The 3 March 2023 annotated version of the WHO INB zero draft (published by Politico) can be found here: PoliticoDraft of the WHO pandemic treaty as seen onscreen on March 3, 2023.

7 April 2023, Geneva Health Files, Difficult Negotiations, But Countries Win More Time to Suggest Language to the Zero Draft, Fight Back Efforts to Slow Process [INB5 WRAP], Priti Patnaik.

13 April 2023, Politico, Document: US defangs intellectual property provisions in draft pandemic treaty, Ashleigh Furlong.

    The U.S. wants to significantly water down provisions on intellectual property rights in the international pandemic treaty that World Health Organization countries are negotiating.

    In the text dated April 4, which covers more ground than an earlier version reported on by POLITICO, the U.S. seeks to remove the most controversial elements around transferring technology, including language that calls for measures such as waiving intellectual property rights for pandemic products and requiring manufacturers to share technology and know-how with others.

    In the April 4 version of the pandemic treaty, the U.S., along with the U.K., asks for the deletion of a paragraph that would see countries take measures to “support time-bound waivers of intellectual property rights” to speed up the manufacturing of pandemic products.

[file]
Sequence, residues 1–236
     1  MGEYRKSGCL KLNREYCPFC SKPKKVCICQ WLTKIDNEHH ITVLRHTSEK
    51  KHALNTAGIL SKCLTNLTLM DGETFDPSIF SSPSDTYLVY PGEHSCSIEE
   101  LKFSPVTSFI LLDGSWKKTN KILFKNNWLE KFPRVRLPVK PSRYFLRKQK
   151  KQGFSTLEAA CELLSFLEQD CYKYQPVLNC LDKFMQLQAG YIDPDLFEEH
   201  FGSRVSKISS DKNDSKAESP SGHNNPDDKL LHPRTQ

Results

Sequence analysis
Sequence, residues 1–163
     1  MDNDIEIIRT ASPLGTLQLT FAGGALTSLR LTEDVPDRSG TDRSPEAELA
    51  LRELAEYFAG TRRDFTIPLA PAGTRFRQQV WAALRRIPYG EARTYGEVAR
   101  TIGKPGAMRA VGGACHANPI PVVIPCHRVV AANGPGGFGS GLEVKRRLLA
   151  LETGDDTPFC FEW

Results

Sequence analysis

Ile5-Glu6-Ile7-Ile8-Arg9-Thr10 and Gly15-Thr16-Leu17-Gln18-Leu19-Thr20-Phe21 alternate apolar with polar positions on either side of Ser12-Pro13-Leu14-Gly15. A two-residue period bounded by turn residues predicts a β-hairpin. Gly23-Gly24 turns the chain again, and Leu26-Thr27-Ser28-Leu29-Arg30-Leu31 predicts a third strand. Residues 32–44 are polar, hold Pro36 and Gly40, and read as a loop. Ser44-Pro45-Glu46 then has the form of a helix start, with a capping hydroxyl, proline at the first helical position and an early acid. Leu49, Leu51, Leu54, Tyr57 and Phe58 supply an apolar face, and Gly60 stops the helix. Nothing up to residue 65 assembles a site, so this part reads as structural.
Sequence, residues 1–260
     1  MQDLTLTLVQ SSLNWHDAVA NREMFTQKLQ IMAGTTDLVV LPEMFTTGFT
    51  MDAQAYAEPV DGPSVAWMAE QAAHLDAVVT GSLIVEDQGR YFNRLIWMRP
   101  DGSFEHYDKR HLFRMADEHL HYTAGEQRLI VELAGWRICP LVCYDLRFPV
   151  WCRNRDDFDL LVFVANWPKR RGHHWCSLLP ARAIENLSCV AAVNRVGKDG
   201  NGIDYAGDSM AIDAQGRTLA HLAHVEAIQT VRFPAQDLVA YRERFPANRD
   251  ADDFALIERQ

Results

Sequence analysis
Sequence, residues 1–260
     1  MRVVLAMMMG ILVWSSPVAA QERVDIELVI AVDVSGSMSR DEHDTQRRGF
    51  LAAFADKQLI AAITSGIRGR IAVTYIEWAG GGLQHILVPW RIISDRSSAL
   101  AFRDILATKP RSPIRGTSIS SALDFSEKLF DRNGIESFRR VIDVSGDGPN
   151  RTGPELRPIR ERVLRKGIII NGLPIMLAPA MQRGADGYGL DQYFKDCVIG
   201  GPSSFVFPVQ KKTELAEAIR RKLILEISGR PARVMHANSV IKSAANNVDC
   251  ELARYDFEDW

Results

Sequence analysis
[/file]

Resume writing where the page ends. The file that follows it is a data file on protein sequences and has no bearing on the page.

Other weakening of the provisions in the text include the U.S. proposing to replace language requiring manufacturers of pandemic-related products to transfer technology and know-how to other manufacturers on mutually agreed terms — a proviso that Brazil wants deleted altogether.

The 4 April 2023 annotated version of the WHO INB zero draft (published by Politico) can be found here:

15 April 2023, The Lancet, Calls for transparency in pandemic accord talks, Talha Burki.

    The zero draft repeatedly stresses the value of transparency. Nonetheless, some experts are concerned that the most important negotiations are taking place behind closed doors. Countries have until April 22, 2023, to provide written comments on the zero draft. On April 5, several individuals and non-governmental organisations, including Oxfam and Knowledge Ecology International, sent a letter to the US Government questioning the country’s demand that the annotated version of the zero draft be kept from public view.

    James Love, Director of Knowledge Ecology International, noted that “experience has shown the negotiating text will be available to drug companies, almost in real time. It is important that the text be made public, both to avoid the asymmetries of power that come from unequal access to information [and] to get the best feedback on proposals”.